Abstract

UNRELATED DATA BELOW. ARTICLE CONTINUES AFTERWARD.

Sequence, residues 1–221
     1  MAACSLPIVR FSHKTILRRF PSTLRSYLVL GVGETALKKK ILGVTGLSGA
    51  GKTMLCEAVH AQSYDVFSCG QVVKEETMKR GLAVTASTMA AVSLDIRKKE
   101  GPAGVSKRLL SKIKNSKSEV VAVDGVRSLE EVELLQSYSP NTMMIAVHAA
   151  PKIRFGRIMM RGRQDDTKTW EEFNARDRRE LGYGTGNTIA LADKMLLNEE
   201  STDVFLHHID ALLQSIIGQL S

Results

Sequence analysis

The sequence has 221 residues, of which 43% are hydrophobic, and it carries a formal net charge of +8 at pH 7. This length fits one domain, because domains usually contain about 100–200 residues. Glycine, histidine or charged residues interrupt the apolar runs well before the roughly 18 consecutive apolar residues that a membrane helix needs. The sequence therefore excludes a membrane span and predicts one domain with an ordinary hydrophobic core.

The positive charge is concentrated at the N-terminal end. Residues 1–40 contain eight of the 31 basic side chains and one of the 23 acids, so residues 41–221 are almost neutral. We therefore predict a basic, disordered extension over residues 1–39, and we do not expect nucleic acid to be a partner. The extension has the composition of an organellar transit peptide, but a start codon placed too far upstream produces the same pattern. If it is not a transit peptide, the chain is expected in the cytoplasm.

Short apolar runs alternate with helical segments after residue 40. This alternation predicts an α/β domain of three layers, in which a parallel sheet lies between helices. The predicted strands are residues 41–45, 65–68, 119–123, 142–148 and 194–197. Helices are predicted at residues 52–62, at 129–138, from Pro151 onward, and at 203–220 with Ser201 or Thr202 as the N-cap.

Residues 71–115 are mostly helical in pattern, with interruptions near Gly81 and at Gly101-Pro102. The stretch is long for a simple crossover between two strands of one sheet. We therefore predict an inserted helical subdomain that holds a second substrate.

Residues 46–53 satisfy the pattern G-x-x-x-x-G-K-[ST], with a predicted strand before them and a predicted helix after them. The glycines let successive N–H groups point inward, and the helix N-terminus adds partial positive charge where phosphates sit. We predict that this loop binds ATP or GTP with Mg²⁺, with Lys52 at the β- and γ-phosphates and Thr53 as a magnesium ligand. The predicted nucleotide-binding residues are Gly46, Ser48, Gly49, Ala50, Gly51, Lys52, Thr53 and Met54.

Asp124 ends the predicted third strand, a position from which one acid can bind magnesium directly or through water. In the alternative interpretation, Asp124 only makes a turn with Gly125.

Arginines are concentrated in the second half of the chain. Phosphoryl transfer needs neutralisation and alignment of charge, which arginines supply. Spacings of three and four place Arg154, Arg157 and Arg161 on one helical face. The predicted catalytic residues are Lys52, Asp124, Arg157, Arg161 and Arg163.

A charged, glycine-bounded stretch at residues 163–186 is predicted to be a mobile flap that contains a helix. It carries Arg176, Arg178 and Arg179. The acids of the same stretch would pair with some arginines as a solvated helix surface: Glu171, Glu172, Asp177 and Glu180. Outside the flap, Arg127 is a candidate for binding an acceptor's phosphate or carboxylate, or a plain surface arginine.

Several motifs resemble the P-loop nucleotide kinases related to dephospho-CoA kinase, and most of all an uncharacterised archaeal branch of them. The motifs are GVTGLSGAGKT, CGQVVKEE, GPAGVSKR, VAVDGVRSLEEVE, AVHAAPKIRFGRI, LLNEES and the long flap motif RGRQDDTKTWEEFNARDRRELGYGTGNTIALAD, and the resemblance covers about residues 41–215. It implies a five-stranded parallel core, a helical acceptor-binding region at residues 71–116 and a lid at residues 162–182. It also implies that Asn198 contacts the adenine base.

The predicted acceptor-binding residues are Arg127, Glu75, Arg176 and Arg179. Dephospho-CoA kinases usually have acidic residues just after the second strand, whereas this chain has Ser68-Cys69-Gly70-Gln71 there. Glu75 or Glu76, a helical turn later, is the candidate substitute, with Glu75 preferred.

Two approaches to the challenging aim of forecasting impending eruptions are searching for empirical precursors and developing suitable interpretative models. Here we present high-resolution time series of 3He/4He ratios measured in gases emitted from peripheral vents around Mount Etna volcano (Italy), which revealed variations with strong correlations over both time and a broad spatial scale. The main eruptive episodes are preceded by increases in 3He/4He, making this ratio a unique tracer for monitoring volcanic activity. These features strongly reflect pressurization beneath the volcano due to deep magma influx. We propose a pioneering model that relates the changes in 3He/4He to the time-dependent outflow of volatiles from a magmatic chamber subjected to evolution of its internal pressure due to magma injection. At Mount Etna, the model makes it possible to estimate in near real time key parameters such as the rate of magma input and volume change in deep chamber preceding eruptions, and to compare them with geodetic estimations. This represents an unprecedented use of 3He/4He to obtain quantitative information on the physics of magmatic systems. Volcanoes showing changes of 3He/4He ratio in discharged gases due to unrest episodes are widespread in the world, and therefore we envisage extensive future applications of this approach.

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